Protest and Social Movements in the Developing World

Protest and Social Movements in the Developing World

Edited by Shinichi Shigetomi and Kumiko Makino

In this insightful book, the contributors focus on the impact of contextual factors on social movements in the developing world, pushing major existing theories beyond their traditional focus.

Chapter 6: Rethinking Political Opportunity Structure in the Argentine Unemployed and Poor People’s Movement

Koichi Usami

Subjects: development studies, development studies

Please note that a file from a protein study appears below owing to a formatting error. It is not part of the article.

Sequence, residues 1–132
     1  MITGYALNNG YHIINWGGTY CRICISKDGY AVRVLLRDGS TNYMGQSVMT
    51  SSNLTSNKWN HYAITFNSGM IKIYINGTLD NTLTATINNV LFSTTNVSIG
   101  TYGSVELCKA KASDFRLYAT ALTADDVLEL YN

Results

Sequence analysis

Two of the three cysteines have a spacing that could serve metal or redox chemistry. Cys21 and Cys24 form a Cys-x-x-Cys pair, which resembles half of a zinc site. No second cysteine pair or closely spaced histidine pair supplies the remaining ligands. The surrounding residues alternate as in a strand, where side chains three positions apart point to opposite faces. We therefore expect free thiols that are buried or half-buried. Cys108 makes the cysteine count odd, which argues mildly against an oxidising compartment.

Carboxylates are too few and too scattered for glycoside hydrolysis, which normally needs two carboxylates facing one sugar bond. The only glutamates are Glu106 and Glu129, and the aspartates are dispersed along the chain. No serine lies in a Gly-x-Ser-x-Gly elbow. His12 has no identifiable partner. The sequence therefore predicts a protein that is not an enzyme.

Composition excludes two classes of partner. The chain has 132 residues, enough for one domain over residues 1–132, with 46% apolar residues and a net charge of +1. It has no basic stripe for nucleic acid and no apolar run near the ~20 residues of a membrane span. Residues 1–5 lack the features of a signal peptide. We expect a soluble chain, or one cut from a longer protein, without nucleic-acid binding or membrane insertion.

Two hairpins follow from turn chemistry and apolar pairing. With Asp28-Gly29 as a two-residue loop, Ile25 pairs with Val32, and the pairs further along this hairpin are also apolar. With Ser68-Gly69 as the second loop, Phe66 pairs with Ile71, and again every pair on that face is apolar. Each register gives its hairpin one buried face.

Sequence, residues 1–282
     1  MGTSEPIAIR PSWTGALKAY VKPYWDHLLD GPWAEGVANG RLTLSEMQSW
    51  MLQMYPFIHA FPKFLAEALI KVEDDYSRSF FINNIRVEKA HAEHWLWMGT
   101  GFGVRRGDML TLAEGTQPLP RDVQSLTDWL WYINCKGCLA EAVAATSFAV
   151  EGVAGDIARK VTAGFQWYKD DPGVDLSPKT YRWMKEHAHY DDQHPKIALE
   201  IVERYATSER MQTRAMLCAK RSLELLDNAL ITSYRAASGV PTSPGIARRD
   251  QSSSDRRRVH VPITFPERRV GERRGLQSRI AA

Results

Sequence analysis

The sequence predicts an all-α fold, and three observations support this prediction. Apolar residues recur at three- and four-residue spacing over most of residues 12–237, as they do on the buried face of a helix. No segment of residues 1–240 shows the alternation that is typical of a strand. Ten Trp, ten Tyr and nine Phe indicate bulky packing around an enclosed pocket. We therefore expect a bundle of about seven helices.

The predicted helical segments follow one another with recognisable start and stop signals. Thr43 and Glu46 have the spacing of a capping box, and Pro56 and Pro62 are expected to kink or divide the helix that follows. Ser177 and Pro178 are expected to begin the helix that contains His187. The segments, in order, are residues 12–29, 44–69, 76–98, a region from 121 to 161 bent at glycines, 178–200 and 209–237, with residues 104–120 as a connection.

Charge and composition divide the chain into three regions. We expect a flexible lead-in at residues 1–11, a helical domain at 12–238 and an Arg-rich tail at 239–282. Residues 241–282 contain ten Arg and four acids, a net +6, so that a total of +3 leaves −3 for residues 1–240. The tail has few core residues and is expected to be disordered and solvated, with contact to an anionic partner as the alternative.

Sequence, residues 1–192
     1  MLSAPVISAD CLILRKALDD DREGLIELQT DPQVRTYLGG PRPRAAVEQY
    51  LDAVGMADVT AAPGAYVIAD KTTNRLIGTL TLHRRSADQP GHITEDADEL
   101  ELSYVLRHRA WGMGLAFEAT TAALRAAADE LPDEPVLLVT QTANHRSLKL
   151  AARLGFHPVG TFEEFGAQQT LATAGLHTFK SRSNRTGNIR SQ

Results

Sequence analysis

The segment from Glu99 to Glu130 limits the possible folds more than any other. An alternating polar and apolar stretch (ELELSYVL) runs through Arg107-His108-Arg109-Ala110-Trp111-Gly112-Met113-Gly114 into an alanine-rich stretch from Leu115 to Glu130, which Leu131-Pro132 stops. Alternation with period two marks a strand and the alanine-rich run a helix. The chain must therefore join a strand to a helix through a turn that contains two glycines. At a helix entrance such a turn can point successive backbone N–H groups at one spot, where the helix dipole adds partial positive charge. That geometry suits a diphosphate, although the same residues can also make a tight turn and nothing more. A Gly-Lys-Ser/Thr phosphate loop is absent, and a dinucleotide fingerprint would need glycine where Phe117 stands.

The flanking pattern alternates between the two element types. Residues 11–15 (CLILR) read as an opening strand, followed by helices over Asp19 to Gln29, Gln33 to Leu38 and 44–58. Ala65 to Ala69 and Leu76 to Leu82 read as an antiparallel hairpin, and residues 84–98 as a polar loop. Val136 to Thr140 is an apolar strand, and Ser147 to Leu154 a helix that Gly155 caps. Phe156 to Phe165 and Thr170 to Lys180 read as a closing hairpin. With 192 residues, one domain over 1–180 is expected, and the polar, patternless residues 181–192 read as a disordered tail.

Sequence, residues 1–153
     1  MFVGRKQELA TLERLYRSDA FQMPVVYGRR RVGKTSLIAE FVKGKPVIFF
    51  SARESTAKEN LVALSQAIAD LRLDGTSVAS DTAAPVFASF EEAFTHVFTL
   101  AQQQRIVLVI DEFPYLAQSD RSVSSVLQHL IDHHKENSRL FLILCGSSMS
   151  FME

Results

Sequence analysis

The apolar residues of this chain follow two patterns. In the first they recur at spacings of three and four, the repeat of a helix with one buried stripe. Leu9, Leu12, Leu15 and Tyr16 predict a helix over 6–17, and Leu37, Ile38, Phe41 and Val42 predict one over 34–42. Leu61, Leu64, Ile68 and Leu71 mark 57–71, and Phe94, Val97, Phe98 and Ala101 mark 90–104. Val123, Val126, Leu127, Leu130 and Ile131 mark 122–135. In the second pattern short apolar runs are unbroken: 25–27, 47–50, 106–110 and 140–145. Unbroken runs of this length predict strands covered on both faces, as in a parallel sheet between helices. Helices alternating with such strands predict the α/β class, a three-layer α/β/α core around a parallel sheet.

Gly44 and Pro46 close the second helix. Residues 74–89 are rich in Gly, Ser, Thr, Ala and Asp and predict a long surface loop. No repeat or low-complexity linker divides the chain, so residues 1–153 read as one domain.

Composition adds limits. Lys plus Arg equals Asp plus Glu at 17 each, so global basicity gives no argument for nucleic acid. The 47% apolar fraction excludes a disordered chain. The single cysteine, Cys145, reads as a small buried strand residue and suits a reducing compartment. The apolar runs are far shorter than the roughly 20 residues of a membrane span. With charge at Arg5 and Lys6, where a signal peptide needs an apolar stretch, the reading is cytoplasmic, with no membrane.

Koichi Usami INTRODUCTION In Argentina, road blockades by unemployed and poor people have become ubiquitous since the early 2000s. The people picketing roads to demand that the government provide more social assistance and jobs are called piqueteros. The road blocks proved quite effective for realizing these demands, but they have stagnated since 2003, when the Néstor Kirchner government restored economic stability and expanded social assistance programs. A large body of literature applying various social movement theories has described and analyzed this movement. Political opportunity structure (POS) theory is one of the most frequently used, but its ambiguity is not usually acknowledged. For example, Gamson and Meyer (1996, p. 275) criticized POS theory for trying to explain everything, without explaining anything. The POS approach, therefore, should be used only after first defining it clearly and then specifying the place, situation and other factors in which the social movement occurs. Such elaboration would reveal the conditions in which POS might function to increase road block protests. This chapter will analyze road block protests by unemployed and poor people in Argentina from their onset until their decline (McAdam 1982, p. 36), focusing on political opportunity structure. In terms of POS theory, attention is focused on such conditions as socio-economic circumstances, the experience of the protesters, their resources and the political organizations in which POS is relevant to the expansion of the protests. 134 Rethinking political opportunity structure in Argentina 135 CRITICISM OF PREVIOUS STUDIES AND DEFINITION OF POLITICAL OPPORTUNITY STRUCTURE Previous Studies...

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